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We are the first to admit that we are serial plant killers.

It’s a big statement to make but it’s true and we’ve finally come to the realisation that we need to do something about it because fake plants simply don’t make the cut anymore. Fresh flowers are fine, but it’s the succulents, herbs and indoor plants that really get us. We just can’t keep them alive!

To help us get our green thumbs, we spoke to horticulturalist, Brandon Brightman, who gave us the lowdown on what we should and shouldn’t be doing to the greenery in our office and homes.

We knew we officially needed Brandon’s help when we sent him a photo of a fiddle leaf fig and he replied asking what type of plant it was because it looked so dead haha!

What are some plants that don’t need much natural light? There are parts of SWIISH HQ that don’t get a lot of natural light and our plants seem to be suffering from all the fluorescent lights (RIP fiddle leaf fig).

Some great indoor plants that are known to survive in low natural light areas of your office or home:

Another bit of advice would be to try the plant in different areas of the room and see how it reacts to the position.
Always research the plant you intend to grow not only for care requirements but also for health – some plants can be poisonous.

What’s the best plant to have if you don’t have much time do devote to looking after it? Besides a plastic plant, of course.
Best indoor plant in my opinion is the Mother In Laws Tongue. It is a versatile indoor plant with a striking growing habit and foliage combination. It’s also very low maintenance.


Succulents are often heralded as the easiest plants to look after, but how do you keep them alive exactly? We have one in the office that is looking pretty worse for wear and it’s only been in our hands for just over one month. How many times a week/fortnight/month should it be watered? Should they get natural light?

Succulents are extremely hardy plants, but they do need natural light. They tend to grow well in sandy/loamy soil that is free draining as to avoid water logging the plant and leading to rotting.

With saying that though they still need water, it is fine to let the soil completely dry out every now and again but just a little top up once you have noticed that the pot is dry is adequate. Also a lot of succulents will show physical signs they’re not getting enough moisture by their foliage starting to shrivel.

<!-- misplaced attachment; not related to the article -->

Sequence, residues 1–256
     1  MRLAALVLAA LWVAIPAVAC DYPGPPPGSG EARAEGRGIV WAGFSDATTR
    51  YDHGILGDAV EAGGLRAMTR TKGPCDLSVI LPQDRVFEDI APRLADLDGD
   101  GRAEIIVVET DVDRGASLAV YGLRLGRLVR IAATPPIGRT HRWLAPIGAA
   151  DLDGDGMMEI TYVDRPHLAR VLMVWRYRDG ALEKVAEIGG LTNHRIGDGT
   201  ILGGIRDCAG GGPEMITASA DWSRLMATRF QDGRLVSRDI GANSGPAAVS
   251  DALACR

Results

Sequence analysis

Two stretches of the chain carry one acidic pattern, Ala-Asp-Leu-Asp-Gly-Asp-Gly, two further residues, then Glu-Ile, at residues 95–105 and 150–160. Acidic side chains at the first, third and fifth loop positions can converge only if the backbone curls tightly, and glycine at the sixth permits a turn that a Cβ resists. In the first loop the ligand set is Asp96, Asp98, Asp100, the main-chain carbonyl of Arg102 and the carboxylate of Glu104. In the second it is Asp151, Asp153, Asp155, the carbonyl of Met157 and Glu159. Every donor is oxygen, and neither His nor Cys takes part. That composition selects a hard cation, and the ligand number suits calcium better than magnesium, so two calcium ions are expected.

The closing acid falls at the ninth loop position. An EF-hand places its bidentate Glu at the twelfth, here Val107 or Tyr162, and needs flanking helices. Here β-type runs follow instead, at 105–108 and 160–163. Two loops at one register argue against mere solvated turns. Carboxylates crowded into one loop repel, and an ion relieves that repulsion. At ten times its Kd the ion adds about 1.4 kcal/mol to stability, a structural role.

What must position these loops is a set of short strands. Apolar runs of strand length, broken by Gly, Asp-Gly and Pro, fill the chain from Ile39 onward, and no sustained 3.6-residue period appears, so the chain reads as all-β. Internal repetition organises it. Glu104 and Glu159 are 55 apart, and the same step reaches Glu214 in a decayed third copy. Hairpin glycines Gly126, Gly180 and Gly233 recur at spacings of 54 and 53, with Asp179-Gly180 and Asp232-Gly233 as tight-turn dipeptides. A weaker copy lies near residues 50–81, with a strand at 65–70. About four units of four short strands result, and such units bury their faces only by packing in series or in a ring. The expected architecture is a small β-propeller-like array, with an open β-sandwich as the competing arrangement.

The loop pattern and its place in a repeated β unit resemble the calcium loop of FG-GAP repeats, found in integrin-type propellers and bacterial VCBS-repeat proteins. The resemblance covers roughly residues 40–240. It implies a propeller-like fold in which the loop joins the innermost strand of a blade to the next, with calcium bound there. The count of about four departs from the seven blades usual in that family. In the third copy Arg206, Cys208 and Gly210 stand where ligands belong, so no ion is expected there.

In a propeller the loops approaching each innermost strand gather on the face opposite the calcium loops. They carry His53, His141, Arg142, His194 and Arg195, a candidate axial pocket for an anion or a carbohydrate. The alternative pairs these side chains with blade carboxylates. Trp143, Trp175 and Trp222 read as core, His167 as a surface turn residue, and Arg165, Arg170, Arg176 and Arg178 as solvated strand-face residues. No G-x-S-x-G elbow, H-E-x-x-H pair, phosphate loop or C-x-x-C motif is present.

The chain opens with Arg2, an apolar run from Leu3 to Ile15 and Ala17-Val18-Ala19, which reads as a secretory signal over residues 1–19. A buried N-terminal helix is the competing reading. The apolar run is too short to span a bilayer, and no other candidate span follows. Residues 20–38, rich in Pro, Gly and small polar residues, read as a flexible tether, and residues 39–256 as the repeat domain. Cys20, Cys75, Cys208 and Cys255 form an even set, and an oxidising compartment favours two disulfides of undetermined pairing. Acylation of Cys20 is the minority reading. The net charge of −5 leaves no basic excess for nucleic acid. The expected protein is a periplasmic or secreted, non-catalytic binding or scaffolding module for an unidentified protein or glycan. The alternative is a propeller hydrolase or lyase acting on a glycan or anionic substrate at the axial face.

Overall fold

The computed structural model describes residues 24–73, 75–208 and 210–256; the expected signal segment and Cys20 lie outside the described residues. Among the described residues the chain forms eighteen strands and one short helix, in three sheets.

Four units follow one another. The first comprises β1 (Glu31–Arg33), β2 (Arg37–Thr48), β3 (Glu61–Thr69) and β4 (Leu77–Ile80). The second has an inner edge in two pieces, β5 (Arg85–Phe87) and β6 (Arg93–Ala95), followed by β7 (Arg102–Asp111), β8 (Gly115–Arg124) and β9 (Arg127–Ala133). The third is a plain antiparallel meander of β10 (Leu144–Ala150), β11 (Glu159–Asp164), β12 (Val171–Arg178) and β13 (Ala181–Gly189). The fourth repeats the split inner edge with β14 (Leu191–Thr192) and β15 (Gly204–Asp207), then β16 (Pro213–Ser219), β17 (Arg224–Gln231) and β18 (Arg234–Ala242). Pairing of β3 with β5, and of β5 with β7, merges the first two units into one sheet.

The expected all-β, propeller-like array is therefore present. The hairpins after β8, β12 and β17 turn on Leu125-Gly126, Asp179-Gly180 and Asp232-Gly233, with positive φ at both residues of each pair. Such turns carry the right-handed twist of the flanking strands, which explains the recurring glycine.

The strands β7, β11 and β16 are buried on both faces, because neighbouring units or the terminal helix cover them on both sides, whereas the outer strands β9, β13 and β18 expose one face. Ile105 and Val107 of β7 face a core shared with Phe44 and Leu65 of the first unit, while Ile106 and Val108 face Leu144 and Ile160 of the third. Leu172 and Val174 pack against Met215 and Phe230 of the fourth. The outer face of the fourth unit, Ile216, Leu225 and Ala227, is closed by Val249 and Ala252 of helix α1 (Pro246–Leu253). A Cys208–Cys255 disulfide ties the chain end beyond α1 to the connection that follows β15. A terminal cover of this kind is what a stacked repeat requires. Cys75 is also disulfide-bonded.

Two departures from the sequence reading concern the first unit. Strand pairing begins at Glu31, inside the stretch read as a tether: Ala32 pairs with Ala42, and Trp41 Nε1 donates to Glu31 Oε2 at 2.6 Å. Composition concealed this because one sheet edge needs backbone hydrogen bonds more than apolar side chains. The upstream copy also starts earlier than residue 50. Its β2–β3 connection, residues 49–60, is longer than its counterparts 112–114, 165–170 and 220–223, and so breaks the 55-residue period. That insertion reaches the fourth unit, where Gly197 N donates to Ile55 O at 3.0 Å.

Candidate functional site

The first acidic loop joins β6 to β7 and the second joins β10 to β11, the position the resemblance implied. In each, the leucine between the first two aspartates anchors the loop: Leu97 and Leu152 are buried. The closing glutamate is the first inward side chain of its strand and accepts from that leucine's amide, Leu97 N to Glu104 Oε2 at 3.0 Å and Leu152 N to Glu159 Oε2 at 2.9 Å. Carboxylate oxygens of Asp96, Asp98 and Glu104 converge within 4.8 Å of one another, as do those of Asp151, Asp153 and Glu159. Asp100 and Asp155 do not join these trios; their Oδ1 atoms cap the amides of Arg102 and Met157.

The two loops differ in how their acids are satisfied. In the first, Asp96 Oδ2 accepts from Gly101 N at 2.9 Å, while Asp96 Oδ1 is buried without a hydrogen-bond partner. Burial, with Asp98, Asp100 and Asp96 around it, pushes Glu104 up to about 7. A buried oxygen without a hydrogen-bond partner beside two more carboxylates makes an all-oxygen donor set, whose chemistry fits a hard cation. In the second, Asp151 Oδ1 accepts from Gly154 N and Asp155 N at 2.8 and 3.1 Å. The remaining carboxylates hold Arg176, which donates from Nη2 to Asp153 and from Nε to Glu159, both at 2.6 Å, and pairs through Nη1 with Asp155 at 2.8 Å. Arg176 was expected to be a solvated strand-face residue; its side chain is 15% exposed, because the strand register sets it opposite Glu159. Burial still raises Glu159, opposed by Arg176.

An indoor environment with little to no natural sunlight and with an air conditioner running is definitely not ideal for successfully growing succulents.
In conclusion, they need a good amount of natural light, a well suited potting mix specifically for succulents, do not over water and drown the pot.

What are your top 5 plants (indoor or outdoor) that you would recommend to people that are accidental plant killers?

As long as you do some research on your plant, most plants found in your local nursery or Bunnings can be successfully grown.

Geraniums come in many different hybrids and varieties. Very hardy, rambling geraniums can easily take over a garden bed and can become relatively drought tolerant once established. They’re easily grown from soft woodcuttings.

Bromeliads are a tropical grouping of strappy leaf plants. They tend to grow in shaded areas although there are some that can be grown in heavier sun positions, as along as the “eye” or centre has water in it.

Some bromeliads are epiphytic which basically means they don’t need roots to source their nutrients and water.

Euphorbia species are very easy to take care of and can become relatively drought tolerant once established. They’re hard to kill, although the milky sap it exudes is poisonous and can cause irritated skin. Always wear gloves and long sleeves when working with this species.

Can a plant be resurrected once it dies? How do you know if it’s beyond help?

Once a plant dies it cannot be brought back… sorry! Signs a plant is dying/dead:

  • Browning and wilted/shriveled up foliage
  • No active green growth visible
  • Discoloured foliage
  • Limbs of woody-stemmed plants tend to snap rather then bend and flex.
  • With secateurs prune a little section of the plant to see if there is still activity inside the stem (is it green?).

It’s also worth your while depending on what plant species you have, to do a little bit of research so at least you have a little bit of an idea how that particular grows.

If we want a garden full of flowers next Spring, what’s the best time of year to plant them?

Depending on what you’re intending to plant, all plants are different so again a little research will go a long way. But typically planting out a garden bed in the previous season is recommended, this gives the plants roughly a year to adapt and hopefully perform their best for the following spring.

This isn’t to say that they won’t or can’t flower before or after, it is just a rough guide.